NEW YORK, April 30 (Reuters) - The temporary suspensions on water withdrawal because of a drought in Pennsylvania that cut into one natural gas driller’s operations earlier this month were lifted late last week.
Water is an integral part of the gas drilling process known as hydraulic fracturing or “fracking.”
The Susquehanna River Basin Commission lifted its ban on water withdrawals on April 26 from basins where roughly a half dozen natural gas production companies draw water to use to drill for natural gas.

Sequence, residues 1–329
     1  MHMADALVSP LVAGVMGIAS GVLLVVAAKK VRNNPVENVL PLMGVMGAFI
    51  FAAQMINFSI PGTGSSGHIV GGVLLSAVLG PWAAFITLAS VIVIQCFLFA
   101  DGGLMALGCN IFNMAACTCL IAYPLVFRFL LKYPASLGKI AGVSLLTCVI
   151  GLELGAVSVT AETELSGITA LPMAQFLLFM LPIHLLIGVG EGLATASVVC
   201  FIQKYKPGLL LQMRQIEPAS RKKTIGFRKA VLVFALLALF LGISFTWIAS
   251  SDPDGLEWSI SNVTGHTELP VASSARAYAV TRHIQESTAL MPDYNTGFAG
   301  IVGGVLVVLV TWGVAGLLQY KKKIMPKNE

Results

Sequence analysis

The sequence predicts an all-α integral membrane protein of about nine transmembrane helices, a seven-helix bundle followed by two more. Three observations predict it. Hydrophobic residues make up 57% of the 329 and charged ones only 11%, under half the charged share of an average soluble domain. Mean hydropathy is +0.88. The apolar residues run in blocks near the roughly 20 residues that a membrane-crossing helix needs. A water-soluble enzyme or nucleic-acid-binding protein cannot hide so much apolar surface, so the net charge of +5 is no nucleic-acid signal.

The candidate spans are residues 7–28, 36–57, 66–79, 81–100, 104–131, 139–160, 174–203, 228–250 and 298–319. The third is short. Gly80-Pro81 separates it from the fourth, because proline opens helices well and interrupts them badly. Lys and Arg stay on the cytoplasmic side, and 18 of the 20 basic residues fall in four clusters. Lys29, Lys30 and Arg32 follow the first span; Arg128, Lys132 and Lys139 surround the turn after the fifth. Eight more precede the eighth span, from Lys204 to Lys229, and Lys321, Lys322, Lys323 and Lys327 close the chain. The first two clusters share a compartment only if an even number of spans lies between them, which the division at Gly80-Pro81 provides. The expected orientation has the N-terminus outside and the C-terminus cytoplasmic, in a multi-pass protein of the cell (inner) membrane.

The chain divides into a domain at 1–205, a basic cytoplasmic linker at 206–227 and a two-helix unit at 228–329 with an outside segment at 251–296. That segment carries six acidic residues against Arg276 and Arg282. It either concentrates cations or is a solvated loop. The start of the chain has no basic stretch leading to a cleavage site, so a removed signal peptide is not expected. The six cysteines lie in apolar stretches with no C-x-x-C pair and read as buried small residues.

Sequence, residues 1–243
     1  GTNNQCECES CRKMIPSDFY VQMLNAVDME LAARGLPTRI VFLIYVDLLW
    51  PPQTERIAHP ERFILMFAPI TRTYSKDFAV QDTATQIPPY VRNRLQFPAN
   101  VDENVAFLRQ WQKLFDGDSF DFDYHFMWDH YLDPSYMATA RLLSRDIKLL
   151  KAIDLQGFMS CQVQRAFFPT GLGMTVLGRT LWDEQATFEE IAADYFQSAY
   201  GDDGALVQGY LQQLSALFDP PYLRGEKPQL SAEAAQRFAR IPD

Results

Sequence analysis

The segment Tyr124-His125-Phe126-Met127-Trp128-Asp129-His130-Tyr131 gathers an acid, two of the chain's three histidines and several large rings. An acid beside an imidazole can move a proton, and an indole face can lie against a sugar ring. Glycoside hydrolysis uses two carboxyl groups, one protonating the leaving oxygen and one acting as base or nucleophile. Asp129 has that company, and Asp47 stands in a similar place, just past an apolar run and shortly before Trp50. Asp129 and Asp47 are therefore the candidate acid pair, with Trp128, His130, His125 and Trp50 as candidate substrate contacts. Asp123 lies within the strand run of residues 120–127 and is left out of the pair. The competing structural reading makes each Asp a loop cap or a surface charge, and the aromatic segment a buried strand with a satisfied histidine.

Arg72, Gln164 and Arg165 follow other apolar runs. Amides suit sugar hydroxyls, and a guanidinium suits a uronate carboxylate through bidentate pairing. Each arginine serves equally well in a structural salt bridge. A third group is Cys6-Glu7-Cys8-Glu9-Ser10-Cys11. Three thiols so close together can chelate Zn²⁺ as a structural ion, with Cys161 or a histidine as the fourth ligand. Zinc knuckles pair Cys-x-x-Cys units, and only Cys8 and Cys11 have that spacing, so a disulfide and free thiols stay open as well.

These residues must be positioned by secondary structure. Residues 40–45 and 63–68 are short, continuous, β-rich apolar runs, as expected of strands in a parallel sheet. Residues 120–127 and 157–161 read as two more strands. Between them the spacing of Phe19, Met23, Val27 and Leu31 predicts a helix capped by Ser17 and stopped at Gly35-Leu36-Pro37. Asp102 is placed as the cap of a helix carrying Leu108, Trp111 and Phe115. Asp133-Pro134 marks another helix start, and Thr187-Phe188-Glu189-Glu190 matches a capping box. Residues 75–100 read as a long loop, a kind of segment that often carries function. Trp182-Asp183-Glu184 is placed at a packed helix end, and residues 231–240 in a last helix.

Talisman Energy had to suspend some drilling mid-month after the commission put the ban in place.
On Monday, the company said water withdrawal was no longer an issue.
“Our sites are no longer under passby flow conditions and withdrawal is permissible as required,” said Diane Gross, a Talisman spokeswoman in Pittsburgh.
In fracking, water is mixed with chemicals and flushed down and through a horizontal well at a high pressure to hold open cracks created in rocks, allowing gas particles to rise to the surface.
Pennsylvania has been a focal point for natural gas drilling in the United States. The state sits atop the Marcellus Shale, a large natural gas basin, and heavy production from that basin has aided recently in pushing natural gas prices to 10-year lows.